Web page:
Sisters In Law: Legal advice on getting refund for international online shopping – World News

Sisters In Law: Legal advice on getting refund for international online shopping

When this guy didn’t shop online, he just wanted his money back. But the overseas retailer hasn’t made it easy. And this is a problem that many others have to face.

Welcome to the weekly column of Sisters in Law, news.com.au, which solves all your legal problems. This week, our resident attorney and real-life sisters Alison and Jillian Barrett from Maurice Blackburn give advice on what to do if you don’t receive an online order and want a refund.

Question:

I ordered $500 worth of clothes for delivery and they never came but I am not getting my money back.

The seller is based in the US and they keep sending me links showing that the parcel is at a private courier depot in Australia but it’s been over eight weeks and nothing has arrived.

I just want my money back but they don’t give me any answer when I ask about it.

I paid by bank card (not credit card) and I don’t know who to follow to get refund – seller, courier or my bank. What should I do? – Dion, Queensland

Answer:

If you ordered clothing from an Australian online retailer, all of your general rights to replacement, repair or refund apply to online purchases.

However, as you have purchased from a foreign retailer, your rights are not as easy to enforce, and you will need to contact a consumer protection agency in the country where the retailer is located.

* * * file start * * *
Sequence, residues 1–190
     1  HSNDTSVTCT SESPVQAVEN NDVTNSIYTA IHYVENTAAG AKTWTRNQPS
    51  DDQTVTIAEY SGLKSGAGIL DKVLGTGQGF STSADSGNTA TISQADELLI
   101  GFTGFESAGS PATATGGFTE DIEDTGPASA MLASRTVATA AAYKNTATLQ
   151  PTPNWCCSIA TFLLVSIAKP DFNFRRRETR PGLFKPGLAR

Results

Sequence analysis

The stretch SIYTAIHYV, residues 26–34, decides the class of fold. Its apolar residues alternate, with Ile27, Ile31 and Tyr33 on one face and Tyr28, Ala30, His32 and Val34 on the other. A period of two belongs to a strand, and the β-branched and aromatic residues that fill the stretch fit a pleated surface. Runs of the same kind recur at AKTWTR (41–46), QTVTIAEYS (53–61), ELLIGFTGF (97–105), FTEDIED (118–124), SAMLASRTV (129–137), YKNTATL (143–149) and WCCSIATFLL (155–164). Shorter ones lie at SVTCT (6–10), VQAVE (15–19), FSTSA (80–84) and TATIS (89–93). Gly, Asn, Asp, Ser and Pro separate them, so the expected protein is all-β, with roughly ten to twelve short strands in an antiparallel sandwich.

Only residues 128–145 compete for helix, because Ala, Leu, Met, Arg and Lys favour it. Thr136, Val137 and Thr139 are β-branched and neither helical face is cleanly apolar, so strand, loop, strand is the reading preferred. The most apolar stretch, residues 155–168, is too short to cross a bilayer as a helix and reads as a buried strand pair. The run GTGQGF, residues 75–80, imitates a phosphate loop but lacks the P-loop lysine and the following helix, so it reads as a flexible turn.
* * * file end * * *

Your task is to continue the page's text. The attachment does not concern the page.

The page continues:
If you purchased clothing from an online auction site (such as eBay), most offer a dispute resolution process for buyers and sellers. This should be your first step in resolving the dispute.

If, however, you purchased directly from a supplier, the US has a Consumer Protection Bureau as part of their Federal Trade Commission, through which they investigate, and prosecute companies and people who violate the law. Huh.

you should do:

1. Contact the private courier depot where the seller said your consignment is and ask them if the goods are actually there. If yes, arrange the delivery of the goods.

2. Report to the Federal Trade Commission. These reports are used to investigate fraud (where businesses may be cheating people out of money and not doing what they agreed to, such as providing you with clothes).

3. File a ‘chargeback’ request with your bank. Even if you used a debit card (instead of a credit card), your bank will investigate and settle the dispute for you.

To avoid being in the same situation again, here are some tips when shopping online:

1. Shop online with Australian retailers.

2. Read reviews online to check that this is a reputable and legitimate business with an easy refund or dispute process.

3. Read the Terms and Conditions of Sale including return and exchange policy, including after-sales support and delivery details.

4. Do not make a payment unless you can make a secure payment and are on a secure website (usually the page will have a picture of a locked lock)

5. Make sure the company has a real street address and a landline phone number. This will help ensure that you can actually get a refund or repair.

6. Try using a debit card, credit card or PayPal for purchases. If a dispute occurs, your bank or PayPal will usually investigate and pursue a refund for you.

7. Keep a copy of the purchase confirmation and check your credit card or PayPal statement.

This legal information is general in nature and should not be construed as specific legal advice or relied upon. Individuals in need of specialized legal advice should consult an attorney.

If you have a legal question you’d like Alison & Jillian to answer, please email stories@news.com.au

Find out more about them from Alison and Jillian Facebook Page

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